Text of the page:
Everywhere in the world people are living longer, thanks in no small part to our ability to control infectious diseases. The next challenge will be to maintain good health in our later years.
THE GOLDEN AGE OF LONGEVITY
More people today are reaching their 70s, 80s and beyond than they were just a generation ago. At the beginning of the 19th century, no country had a life expectancy (the average period a person lives) above 40 years.
In the UK, for which most historic data is available, life expectancy fluctuated between 30 and 40 and didn't start to trend upwards until the 19th century. Since 1900, the UK life expectancy was 46, then 69 in 1950, 78 in 2000, and has now surpassed 80.
Although life expectancy remains unequal around the world, most people today can expect to live twice as long as those in the richest countries did in 1950.
SO, WHAT’S CHANGED?
In part, we have the decline in child mortality to thank for this increase. However, if this was the only factor, once past childhood, people could expect to live as long as they did centuries ago. But life expectancy continues to increase at all ages — all over the world.
Historically, only a tiny handful of people had the luxury of nutritious food and comfortable living conditions. Everyone else lived in extreme poverty, with practically no medicine or public health interventions to protect them from infectious diseases like smallpox, which stormed through populations and killed many people in early and mid-life.
This all changed as society reaped the benefits of the Age of Enlightenment. Scientific knowledge such as the germ theory of disease gave way to medical innovations like vaccinations and antibiotics. A better understanding of how disease spreads also informed us of the public health benefits of better housing, hygiene and sanitation.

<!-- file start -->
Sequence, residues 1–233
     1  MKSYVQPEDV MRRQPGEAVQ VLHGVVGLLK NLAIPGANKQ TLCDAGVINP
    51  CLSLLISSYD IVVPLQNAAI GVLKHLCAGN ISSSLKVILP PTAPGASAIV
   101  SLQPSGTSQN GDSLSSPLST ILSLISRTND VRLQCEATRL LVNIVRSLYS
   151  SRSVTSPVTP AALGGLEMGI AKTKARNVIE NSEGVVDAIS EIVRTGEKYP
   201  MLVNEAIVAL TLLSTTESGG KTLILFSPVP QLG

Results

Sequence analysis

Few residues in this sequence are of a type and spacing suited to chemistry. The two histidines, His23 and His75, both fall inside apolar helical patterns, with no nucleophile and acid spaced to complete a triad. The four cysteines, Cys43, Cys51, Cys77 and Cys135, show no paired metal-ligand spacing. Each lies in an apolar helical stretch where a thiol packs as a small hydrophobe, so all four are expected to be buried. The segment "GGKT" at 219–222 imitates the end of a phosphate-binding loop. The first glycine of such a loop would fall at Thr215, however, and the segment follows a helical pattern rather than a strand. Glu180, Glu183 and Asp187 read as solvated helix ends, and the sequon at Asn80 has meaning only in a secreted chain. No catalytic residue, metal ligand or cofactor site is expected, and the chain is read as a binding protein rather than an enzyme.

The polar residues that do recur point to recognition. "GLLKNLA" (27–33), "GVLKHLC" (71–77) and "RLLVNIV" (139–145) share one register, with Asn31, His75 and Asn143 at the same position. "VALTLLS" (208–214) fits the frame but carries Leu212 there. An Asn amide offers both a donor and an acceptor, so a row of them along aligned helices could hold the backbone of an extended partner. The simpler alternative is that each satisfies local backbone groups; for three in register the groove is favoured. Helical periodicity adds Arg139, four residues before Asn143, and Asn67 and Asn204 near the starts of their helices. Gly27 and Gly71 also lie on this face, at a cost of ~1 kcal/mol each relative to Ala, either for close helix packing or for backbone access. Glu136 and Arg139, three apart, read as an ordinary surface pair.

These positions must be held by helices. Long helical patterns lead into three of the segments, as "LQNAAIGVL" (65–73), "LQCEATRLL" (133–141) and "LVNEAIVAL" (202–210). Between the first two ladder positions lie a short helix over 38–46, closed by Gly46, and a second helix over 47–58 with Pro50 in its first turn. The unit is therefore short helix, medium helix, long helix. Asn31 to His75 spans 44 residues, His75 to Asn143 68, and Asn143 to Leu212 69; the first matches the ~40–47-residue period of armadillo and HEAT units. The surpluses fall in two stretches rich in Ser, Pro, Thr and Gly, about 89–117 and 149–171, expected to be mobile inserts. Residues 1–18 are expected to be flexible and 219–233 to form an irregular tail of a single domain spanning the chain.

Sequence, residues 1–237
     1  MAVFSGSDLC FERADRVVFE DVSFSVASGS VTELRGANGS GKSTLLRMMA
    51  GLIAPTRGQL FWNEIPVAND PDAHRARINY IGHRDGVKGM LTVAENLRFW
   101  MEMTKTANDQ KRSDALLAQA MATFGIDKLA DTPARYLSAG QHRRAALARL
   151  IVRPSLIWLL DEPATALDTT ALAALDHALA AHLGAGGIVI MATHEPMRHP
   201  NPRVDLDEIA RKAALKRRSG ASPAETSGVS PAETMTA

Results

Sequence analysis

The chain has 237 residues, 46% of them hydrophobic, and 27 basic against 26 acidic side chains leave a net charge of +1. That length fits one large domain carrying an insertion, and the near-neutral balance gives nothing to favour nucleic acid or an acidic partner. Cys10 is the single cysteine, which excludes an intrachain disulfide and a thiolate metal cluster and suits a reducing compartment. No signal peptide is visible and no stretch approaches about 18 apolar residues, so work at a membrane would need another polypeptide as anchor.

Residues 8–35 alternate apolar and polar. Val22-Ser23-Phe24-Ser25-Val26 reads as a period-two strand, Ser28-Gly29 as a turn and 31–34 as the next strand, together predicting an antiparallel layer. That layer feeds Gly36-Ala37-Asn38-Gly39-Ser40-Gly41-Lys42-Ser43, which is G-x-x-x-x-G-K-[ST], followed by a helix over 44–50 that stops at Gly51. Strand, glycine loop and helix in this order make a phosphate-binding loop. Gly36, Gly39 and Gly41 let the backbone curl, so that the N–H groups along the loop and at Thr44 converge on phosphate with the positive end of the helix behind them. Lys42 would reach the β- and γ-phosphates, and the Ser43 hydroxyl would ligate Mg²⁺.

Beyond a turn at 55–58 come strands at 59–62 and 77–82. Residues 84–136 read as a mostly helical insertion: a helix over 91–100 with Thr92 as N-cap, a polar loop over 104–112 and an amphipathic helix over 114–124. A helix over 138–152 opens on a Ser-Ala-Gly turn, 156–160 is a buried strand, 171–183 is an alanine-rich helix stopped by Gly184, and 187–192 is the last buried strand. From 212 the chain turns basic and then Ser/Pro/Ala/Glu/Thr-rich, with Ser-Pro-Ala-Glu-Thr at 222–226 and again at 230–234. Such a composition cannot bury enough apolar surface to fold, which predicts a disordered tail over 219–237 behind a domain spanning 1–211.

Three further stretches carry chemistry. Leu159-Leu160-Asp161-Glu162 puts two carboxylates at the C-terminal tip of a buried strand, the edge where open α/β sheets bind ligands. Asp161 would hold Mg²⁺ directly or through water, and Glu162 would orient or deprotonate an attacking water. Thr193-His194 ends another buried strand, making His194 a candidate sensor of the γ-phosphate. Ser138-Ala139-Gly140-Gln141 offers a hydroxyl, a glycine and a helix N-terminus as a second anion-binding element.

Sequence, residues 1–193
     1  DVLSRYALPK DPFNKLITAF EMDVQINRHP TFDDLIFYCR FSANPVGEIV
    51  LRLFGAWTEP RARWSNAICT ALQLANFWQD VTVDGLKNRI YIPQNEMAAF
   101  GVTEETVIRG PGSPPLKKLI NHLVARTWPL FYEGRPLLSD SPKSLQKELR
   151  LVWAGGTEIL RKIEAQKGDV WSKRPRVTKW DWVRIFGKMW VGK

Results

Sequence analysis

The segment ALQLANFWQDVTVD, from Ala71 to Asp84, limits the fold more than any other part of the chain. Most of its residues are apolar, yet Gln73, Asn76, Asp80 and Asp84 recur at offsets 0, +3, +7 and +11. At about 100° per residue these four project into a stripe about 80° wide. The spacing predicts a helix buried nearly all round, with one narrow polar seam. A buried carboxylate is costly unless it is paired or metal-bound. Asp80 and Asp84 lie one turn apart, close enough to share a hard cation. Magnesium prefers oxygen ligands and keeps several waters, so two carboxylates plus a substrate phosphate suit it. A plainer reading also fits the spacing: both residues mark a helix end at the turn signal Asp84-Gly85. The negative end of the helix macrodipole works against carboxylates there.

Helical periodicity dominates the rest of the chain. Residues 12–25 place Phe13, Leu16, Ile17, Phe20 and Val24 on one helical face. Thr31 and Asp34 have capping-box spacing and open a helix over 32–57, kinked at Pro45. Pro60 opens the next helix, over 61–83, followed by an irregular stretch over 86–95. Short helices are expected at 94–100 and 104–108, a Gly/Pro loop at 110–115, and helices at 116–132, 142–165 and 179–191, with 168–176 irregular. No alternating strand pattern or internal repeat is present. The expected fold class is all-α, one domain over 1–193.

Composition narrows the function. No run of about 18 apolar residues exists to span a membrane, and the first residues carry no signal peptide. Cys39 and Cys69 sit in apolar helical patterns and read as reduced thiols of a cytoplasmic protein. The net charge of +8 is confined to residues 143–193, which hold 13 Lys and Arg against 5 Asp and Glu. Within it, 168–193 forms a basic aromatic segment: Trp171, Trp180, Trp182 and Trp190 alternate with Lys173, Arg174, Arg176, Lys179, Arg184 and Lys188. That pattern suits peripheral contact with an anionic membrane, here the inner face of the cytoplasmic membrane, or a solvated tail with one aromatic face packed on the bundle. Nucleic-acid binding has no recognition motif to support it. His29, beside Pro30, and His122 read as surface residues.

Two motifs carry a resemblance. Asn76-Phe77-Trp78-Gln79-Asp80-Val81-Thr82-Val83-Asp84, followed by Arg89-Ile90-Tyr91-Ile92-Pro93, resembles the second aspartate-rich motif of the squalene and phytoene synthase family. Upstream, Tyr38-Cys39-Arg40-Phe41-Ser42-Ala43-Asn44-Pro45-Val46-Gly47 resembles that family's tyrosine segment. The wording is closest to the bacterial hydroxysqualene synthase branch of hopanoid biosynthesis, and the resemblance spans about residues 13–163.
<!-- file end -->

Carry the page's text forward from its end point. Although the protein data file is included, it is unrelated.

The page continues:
All this made it possible to stem infectious disease: the main cause of early and mid-life mortality.
By the second half of the 20th century, we had done such a good job tackling infectious diseases that there was little room left for reducing early and mid-life mortality in rich countries. The ongoing growth of life expectancy, while slowing or even stalling in some countries, is thanks to decreasing late-life mortality.
LIFESPAN VS. HEALTHSPAN
It's an amazing achievement that people are living longer than ever before. However, with fewer people dying early from infectious diseases, they live long enough to developnon-communicable diseases like Alzheimer’s disease, most heart diseases and cancers, diabetes and osteoporosis. These diseases are now the leading cause of death and disability.
Many non-communicable diseases are chronic, seriously impacting the quality of later life. In this context, epidemiologists do not only talk about life expectancy, but also healthy life expectancy: average lifespan without disability or disease burden. For instance, the health span of a man in England in 2017–2019 could expect to live to 80, but only to 63 without disability or disease burden.
As lifespan continues to grow, it is critical to ensure that healthspan grows alongside it. This means that healthcare today is not only about treating and preventing disease – it’s also about lowering the burden of NCDs so these extra years of life can be enjoyed to their fullest.
The good news is that people can help reduce their risk of many non-communicable diseases — with a more active lifestyle, better sleep and stress management, a nutritious diet, lower alcohol consumption and quitting smoking the most effective ways.
And as scientists are discovering more about how our bodies age, they're also identifying new ways to target and slow the ageing process. This includes replacing molecules that our bodies produce less as we age — like NAD+ or Coenzyme Q10 - or critical antioxidants thatprotect our cells from damage.
The next leap forward in the science of ageing may not be about how long we live, but how well we age.
Join us for Part 5 as we answer, why you may be younger than you think?
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